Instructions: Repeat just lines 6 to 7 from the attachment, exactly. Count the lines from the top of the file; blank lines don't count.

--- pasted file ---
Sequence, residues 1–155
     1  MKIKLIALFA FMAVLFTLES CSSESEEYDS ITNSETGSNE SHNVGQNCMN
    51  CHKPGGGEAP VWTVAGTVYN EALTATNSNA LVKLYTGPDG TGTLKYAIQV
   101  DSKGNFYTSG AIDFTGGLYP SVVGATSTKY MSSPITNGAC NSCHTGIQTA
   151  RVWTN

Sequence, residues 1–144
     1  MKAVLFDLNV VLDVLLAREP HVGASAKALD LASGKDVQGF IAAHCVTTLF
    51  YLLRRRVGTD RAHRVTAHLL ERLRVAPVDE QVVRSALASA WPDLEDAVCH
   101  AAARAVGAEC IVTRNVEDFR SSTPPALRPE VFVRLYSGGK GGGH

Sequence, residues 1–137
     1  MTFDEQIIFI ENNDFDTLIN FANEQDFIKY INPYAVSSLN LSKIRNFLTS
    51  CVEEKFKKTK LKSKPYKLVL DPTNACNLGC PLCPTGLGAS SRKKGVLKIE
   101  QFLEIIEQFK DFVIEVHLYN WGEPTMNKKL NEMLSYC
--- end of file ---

Sequence, residues 1–144
     1  MKAVLFDLNV VLDVLLAREP HVGASAKALD LASGKDVQGF IAAHCVTTLF